Not long ago, we bought this $400 industrial sewing machine. The thing is, we work with tough and thick materials, so industrial was a must. Plus, industrial holds up to Ghillie and Mongo’s abuse. After all, they are old men playing like stitchmasters.
Here we are with an industrial sewing machine. Then, here we are with a collection of what Ghillie likes to call man purses (everyday carry bags/EDC). The next step was clear. We were going to modify bags to our purposes. We were also going to make smaller pouches and bags to go with them. We also like creating our own versions of EDC because we have very different ideas of a) what constitutes an everyday carry, b) how it should function, and c) what good quality really is.
- Being able to carry lots of items, heavy and light.
- The bag still easy and light to carry in its redistribution of weight.
- Must look bad-ass.
- Must not fall apart after less than 3 months of use.
Why are we so into EDC?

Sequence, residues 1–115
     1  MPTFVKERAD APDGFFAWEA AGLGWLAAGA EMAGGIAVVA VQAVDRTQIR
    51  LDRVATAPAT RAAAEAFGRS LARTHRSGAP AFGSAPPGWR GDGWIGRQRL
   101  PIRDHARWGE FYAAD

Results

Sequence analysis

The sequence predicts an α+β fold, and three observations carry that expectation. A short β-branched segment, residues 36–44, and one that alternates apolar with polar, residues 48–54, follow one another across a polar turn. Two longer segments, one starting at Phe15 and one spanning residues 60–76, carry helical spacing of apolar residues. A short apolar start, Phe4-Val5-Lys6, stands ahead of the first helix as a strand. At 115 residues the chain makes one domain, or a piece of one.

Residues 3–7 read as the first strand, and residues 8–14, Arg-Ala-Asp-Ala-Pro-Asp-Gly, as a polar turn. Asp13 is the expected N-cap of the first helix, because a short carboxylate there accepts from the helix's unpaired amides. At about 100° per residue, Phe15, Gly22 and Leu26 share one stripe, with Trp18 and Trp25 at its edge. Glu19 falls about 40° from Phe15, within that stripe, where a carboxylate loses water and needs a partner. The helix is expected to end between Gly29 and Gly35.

- We have loads of children, and often that means emergencies usually crop up. Gotta wipe that nose real quick? Handkerchief. A little cut? Small first aid kit.
- We carry things to prepare for other emergencies. Firestarter kit, OTC pain relievers, etc.
- Instead of being distributed in various pants’ pockets, it’s all in one place and can be put aside.
With that said, please enjoy a view of Ghillie’s prototypes of belt pouch and simple pouch. You can click on it to enlarge.
Simple Fire Kit Pouch:
Made from scraps of materials used in making the belt pouch. Pouch is being used to hold the makings of flint and steel kit.
Tomorrow, Ghillie will weave a lanyard for the fire kit pouch. What he will do is use paracord for the main neck cord with a cobra weave of jute around it for about 3 inches. The jute can be used as tinder when unrolled.
Until then, that’s all the eye candy ya get.